Mark Thoma at the Economist’s View blog wrote a fun post trying to learn more about comparative economic systems. Comparative economics seems to be a function of macro econ that was more in vogue when there was a non-free market equivalent across the sea to contend with, (the USSR).

I find conversations concerning economic model comparisons a fun pastime. When I initially went to look for information from better writers than I, I jumped over to the website Marxists.org. As a History major in college I tended to use this site a lot for referencing social movements and to an extent, understanding the radical left’s positions in economic discourse. Of course, I am not strictly speaking a “Marxist”, but I think that Christopher Hitchens posited it best when earlier in the decade he was asked if he would still describe himself as a socialist. He replied that he was not a socialist, but still a marxist (lowercase intentional).

To students of Leftist history this sentence made sense. To view the history of the world through the lens of class struggle frames conversations about race, employment and even art in the most ochem’s razor of ways. At the bottom of those conversations are discourses about how we talk when we talk about the most base of all human endeavors since at least the spread of capital-the urge to attain more capital.

One the most interesting developments in the critique of state capitalism as it was practiced in the USSR was from Anton Pannekoek. Pannekoek theorized that the revolution in Russia had failed to augment the class struggle in a substantive way because in the Soviet system workers were on the dole from the state which was dictating the goals of production and demand. Essentially, the breaking of the small workers councils or, soviet’s, doomed the revolution and its proletariat because it had created a party apparatus in the role of private ownership in relation to wealth sharing.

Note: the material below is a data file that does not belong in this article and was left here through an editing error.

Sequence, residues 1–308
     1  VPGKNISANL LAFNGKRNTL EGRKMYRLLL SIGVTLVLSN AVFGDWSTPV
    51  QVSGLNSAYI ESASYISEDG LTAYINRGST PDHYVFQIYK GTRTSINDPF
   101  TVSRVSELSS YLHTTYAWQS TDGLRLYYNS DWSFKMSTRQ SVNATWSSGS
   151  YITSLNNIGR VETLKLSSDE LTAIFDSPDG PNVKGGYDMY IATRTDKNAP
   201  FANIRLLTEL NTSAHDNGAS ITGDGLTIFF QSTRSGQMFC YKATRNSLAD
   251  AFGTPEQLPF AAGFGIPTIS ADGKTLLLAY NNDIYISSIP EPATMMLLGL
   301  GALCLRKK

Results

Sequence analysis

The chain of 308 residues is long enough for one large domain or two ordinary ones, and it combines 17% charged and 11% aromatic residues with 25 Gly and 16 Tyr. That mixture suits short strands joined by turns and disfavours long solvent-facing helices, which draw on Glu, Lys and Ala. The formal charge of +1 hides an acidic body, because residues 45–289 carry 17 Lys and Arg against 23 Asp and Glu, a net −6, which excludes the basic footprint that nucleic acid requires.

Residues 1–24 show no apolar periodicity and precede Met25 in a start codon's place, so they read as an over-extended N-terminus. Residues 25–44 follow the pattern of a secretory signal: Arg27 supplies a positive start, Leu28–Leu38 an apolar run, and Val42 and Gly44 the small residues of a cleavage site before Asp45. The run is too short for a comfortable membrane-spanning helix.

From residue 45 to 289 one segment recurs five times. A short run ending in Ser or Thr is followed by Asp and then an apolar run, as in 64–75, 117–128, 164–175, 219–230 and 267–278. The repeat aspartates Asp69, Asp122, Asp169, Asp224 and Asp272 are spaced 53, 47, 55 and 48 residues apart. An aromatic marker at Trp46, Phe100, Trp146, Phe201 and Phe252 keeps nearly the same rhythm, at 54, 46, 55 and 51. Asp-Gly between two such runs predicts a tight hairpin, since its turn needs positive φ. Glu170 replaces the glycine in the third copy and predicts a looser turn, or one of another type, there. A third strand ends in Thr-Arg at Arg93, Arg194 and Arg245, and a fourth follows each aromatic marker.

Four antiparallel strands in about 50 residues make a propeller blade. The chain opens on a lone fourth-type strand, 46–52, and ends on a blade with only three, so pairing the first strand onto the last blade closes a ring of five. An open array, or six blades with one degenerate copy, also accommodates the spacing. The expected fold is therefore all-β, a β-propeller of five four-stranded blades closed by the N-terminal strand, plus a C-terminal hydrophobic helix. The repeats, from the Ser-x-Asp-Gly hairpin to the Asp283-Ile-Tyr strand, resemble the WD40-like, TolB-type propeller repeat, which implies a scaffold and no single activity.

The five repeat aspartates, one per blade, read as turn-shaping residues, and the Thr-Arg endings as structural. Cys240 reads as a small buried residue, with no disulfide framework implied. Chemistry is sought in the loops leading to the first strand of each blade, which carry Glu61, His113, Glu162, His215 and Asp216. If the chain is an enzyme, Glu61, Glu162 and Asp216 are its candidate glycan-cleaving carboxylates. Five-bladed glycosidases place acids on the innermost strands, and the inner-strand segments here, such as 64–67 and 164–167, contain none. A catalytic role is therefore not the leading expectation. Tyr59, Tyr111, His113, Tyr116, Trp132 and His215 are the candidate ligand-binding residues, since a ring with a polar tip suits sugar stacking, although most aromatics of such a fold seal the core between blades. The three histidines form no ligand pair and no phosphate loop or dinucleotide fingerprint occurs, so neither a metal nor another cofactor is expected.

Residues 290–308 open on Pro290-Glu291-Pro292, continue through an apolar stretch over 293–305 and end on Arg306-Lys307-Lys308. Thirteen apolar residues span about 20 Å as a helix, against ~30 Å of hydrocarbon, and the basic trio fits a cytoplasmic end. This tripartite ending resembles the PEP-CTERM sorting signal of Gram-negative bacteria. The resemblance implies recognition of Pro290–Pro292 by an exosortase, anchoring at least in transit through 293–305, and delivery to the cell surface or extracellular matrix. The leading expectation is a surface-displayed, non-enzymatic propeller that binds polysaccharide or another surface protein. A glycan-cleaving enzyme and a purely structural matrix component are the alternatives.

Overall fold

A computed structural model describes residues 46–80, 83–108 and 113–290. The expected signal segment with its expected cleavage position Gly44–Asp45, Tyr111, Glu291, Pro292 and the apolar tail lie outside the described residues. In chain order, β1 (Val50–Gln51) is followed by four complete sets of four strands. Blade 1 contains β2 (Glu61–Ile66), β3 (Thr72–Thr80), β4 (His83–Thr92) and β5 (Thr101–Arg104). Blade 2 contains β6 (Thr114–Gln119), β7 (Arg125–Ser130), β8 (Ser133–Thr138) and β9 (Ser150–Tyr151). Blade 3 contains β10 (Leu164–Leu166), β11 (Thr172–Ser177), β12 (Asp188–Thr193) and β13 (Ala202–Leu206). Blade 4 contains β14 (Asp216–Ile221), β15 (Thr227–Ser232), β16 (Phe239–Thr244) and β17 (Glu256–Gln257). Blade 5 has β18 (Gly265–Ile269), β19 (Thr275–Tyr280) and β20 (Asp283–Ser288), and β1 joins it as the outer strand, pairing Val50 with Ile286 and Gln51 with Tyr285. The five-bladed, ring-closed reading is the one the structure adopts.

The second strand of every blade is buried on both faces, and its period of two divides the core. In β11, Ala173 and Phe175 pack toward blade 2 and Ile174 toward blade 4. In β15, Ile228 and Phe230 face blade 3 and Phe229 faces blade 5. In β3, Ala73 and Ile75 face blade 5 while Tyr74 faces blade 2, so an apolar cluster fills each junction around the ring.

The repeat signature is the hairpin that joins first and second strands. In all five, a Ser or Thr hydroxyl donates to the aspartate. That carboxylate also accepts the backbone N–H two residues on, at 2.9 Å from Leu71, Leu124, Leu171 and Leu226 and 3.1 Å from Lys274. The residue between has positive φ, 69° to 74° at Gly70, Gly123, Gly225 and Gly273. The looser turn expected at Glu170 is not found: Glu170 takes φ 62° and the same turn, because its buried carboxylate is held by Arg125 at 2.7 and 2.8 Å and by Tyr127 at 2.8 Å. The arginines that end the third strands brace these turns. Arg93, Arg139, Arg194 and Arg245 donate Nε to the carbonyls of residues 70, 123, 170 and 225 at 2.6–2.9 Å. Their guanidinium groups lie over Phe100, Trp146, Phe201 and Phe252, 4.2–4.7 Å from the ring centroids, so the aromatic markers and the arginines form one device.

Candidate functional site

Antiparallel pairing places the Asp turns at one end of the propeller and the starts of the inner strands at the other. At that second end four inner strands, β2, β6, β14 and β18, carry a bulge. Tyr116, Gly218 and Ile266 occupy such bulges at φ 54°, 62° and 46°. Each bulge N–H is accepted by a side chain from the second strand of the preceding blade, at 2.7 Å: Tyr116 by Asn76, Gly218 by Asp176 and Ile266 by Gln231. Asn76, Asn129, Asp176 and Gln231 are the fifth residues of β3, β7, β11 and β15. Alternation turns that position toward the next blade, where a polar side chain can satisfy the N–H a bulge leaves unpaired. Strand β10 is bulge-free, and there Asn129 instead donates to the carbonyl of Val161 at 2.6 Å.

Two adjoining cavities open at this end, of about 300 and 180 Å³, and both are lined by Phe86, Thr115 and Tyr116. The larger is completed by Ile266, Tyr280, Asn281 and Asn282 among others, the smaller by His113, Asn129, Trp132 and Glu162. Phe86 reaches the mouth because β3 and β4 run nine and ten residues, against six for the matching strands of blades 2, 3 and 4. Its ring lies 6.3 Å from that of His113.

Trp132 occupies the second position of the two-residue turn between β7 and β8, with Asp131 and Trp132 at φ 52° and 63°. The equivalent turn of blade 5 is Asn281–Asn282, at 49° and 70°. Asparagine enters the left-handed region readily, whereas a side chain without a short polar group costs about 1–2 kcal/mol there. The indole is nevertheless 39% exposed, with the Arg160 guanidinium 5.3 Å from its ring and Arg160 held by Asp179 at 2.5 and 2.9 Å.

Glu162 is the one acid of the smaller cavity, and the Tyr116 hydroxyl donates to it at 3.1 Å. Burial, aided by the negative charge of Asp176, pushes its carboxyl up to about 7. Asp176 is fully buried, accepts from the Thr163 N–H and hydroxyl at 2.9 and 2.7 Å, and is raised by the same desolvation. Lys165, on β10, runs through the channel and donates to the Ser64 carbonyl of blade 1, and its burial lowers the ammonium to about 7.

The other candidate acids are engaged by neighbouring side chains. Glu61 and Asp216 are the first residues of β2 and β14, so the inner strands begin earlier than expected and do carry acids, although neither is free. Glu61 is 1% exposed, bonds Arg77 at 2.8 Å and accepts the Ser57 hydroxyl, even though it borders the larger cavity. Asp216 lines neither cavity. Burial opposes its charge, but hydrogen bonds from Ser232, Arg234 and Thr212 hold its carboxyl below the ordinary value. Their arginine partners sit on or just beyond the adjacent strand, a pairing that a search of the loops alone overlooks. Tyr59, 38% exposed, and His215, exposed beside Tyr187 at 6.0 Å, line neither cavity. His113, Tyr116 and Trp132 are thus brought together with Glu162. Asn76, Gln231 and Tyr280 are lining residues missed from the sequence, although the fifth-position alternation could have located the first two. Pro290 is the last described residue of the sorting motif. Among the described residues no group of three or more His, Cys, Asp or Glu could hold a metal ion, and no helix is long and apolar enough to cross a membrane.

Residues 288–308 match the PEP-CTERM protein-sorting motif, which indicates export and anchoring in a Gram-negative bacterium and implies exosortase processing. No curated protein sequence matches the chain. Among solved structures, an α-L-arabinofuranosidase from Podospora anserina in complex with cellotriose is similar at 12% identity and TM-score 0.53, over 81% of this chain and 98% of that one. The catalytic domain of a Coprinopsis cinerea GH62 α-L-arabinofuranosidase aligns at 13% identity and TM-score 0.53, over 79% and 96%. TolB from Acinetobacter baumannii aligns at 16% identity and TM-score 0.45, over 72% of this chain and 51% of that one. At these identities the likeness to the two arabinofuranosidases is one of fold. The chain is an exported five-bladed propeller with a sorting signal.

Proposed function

Pannekoek:

It is to be expected that, as a result of great economic tension and conflict, the class struggle of the future proletariat will flare up into mass action; whether this mass action be the came of wage conflicts wars or economic crises, whether the shape it takes be that of mass strikes, street riots or armed struggle; the proletariat will establish council organizations – organs of self-determination and uniform execution of action

 

I would advise anybody with even a modicum of interest in economics to study both the Austrian School (Hayek etc) and economists from the European left. It makes for some fun discovery, and might help you think about economics and monetary policies in ways you hadn’t before.

 

 

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